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Open Access Cross-sectional growth references and implications for the development of an international growth standard for school-aged children and adolescents

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Abstract:

Normative data are needed to create a reference that indicates optimal development of weight in relation to height and age, particularly in the face of the unfolding obesity epidemic. The body-mass index (BMI) has some serious limitations: it is a relatively poor predictor of current and future fatness. Currently, however, there are few available alternatives, with the possible exception of waist circumference or skinfolds. The use of cross-sectional references to construct a BMI-reference curve is problematic when there are period and cohort effects. Ideally, a reference would be based on longitudinal data in populations with little underweight, overweight, and obesity.

In the meantime cross-sectional data in appropriate populations could be used to construct BMI percentiles linking BMI values at age 5 to those at age 18 (or 21) that would correspond with adult BMI values reflecting optimal health (e.g., that would correspond to adult BMI values between 21 and 23 kg/m2).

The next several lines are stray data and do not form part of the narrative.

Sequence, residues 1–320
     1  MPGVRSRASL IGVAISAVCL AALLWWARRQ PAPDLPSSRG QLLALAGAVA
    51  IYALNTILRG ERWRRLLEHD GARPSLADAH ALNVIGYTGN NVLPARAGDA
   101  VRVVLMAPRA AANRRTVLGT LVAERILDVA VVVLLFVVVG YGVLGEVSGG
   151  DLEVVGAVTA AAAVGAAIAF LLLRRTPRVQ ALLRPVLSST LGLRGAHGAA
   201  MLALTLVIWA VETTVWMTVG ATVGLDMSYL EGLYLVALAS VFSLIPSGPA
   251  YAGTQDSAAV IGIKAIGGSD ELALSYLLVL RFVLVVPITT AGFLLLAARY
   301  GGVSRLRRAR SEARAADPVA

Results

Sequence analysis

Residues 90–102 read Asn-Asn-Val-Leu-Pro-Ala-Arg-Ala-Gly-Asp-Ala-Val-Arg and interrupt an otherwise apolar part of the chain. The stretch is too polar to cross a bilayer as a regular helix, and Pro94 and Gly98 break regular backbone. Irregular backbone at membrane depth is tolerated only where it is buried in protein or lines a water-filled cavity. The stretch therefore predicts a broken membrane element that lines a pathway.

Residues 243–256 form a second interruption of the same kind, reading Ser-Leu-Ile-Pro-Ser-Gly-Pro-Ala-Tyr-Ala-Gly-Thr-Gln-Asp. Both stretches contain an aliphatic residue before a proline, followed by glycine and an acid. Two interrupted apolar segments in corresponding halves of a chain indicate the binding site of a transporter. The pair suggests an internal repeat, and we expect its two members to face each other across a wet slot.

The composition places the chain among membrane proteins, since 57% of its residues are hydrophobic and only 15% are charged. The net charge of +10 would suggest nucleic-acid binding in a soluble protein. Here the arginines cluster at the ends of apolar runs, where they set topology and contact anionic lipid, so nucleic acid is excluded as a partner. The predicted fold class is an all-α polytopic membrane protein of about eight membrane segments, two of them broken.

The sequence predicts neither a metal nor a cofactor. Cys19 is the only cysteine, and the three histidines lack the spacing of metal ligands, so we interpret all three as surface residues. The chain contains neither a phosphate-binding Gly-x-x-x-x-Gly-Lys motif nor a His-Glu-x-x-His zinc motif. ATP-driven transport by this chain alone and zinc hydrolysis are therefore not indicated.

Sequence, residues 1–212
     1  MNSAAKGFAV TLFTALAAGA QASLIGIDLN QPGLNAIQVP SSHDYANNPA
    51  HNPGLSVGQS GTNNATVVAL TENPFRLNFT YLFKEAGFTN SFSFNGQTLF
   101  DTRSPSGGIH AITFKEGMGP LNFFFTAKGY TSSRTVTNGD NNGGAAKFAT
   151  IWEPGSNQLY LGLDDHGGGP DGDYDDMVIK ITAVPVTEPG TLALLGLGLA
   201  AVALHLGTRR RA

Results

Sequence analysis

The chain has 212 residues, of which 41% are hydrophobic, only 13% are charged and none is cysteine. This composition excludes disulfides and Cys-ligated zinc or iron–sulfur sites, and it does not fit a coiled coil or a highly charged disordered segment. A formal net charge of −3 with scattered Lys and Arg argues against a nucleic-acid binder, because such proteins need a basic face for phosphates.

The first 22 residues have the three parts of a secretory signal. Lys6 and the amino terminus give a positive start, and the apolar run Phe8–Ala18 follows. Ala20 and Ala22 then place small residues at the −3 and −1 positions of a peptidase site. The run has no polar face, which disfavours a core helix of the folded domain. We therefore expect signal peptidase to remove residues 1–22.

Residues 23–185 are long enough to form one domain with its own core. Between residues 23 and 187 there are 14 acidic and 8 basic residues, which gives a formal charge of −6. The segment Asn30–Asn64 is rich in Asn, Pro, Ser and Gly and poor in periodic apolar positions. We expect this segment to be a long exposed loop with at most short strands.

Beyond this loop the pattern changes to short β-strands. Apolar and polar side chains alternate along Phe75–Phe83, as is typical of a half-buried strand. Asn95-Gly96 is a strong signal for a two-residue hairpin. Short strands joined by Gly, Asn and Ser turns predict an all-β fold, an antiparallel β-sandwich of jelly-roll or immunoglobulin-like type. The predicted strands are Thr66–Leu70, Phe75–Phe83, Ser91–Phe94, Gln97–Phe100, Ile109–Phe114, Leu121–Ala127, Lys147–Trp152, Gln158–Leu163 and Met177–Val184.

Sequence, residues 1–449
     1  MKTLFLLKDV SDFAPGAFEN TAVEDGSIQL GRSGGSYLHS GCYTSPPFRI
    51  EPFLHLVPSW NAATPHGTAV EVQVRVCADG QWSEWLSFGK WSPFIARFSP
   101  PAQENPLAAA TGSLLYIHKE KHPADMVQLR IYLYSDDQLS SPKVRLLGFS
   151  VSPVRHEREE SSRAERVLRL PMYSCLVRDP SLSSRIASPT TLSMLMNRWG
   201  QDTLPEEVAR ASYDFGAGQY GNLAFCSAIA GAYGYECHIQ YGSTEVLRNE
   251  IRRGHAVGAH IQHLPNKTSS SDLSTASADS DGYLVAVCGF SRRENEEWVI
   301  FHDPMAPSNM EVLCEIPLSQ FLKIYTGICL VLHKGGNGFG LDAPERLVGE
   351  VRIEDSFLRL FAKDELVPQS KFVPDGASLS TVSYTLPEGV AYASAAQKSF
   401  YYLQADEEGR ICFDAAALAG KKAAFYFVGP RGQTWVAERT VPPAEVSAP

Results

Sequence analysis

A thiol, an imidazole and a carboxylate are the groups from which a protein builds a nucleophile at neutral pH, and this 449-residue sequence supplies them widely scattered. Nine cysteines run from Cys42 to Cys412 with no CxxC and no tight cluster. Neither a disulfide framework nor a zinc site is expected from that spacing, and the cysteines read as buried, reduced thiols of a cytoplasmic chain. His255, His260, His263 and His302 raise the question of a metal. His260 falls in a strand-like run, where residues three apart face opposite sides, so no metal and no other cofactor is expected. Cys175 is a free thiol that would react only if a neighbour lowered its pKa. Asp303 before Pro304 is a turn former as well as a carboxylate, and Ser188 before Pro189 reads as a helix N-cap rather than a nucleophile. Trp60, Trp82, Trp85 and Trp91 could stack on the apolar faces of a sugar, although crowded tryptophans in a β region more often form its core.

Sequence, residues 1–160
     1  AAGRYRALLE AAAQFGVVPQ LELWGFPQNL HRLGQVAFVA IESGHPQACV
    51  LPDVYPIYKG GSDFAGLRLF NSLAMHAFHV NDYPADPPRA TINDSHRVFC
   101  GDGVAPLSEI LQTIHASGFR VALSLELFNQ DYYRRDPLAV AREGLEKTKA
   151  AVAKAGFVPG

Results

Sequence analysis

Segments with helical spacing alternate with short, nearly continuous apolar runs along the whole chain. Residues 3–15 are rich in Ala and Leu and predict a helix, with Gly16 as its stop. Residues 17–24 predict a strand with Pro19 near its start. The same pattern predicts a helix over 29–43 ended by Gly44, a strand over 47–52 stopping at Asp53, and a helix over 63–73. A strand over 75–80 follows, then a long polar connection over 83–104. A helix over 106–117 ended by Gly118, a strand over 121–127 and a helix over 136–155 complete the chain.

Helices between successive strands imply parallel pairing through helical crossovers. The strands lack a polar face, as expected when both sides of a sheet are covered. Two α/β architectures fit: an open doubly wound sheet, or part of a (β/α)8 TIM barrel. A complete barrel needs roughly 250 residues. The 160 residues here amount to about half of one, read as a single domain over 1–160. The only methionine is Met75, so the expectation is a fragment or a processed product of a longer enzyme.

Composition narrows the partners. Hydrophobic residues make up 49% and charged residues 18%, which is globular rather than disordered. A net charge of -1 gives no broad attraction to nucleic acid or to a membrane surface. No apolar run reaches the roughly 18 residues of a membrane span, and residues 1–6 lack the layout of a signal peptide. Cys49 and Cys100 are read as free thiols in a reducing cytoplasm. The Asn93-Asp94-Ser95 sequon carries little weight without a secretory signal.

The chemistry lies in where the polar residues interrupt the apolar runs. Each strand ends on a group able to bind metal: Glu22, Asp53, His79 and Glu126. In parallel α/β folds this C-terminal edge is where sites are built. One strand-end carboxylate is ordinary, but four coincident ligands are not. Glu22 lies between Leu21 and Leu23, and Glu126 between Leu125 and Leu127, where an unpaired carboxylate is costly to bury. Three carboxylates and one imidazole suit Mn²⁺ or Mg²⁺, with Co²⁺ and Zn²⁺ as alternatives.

Keywords: GROWTH REFERENCE; LONGITUDINAL DATA; SCHOOL-AGED CHILDREN

Document Type: Research Article

Publication date: December 1, 2006

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  • Established in 1978, the Food and Nutrition Bulletin (FNB) is a peer-reviewed journal published quarterly by the Nevin Scrimshaw International Nutrition Foundation.

    The focus of the journal is to highlight original scientific articles on nutrition research, policy analyses, and state-of-the-art summaries relating to multidisciplinary efforts to alleviate the problems of hunger and malnutrition in the developing world.

    Food and Nutrition Bulletin's 2012 Impact Factor: 2.106
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